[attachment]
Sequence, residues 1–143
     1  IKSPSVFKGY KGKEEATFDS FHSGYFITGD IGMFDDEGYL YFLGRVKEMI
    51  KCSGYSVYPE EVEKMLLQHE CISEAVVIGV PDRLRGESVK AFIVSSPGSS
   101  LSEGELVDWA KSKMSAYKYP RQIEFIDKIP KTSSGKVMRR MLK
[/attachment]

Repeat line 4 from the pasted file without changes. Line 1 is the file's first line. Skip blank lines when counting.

   101  LSEGELVDWA KSKMSAYKYP RQIEFIDKIP KTSSGKVMRR MLK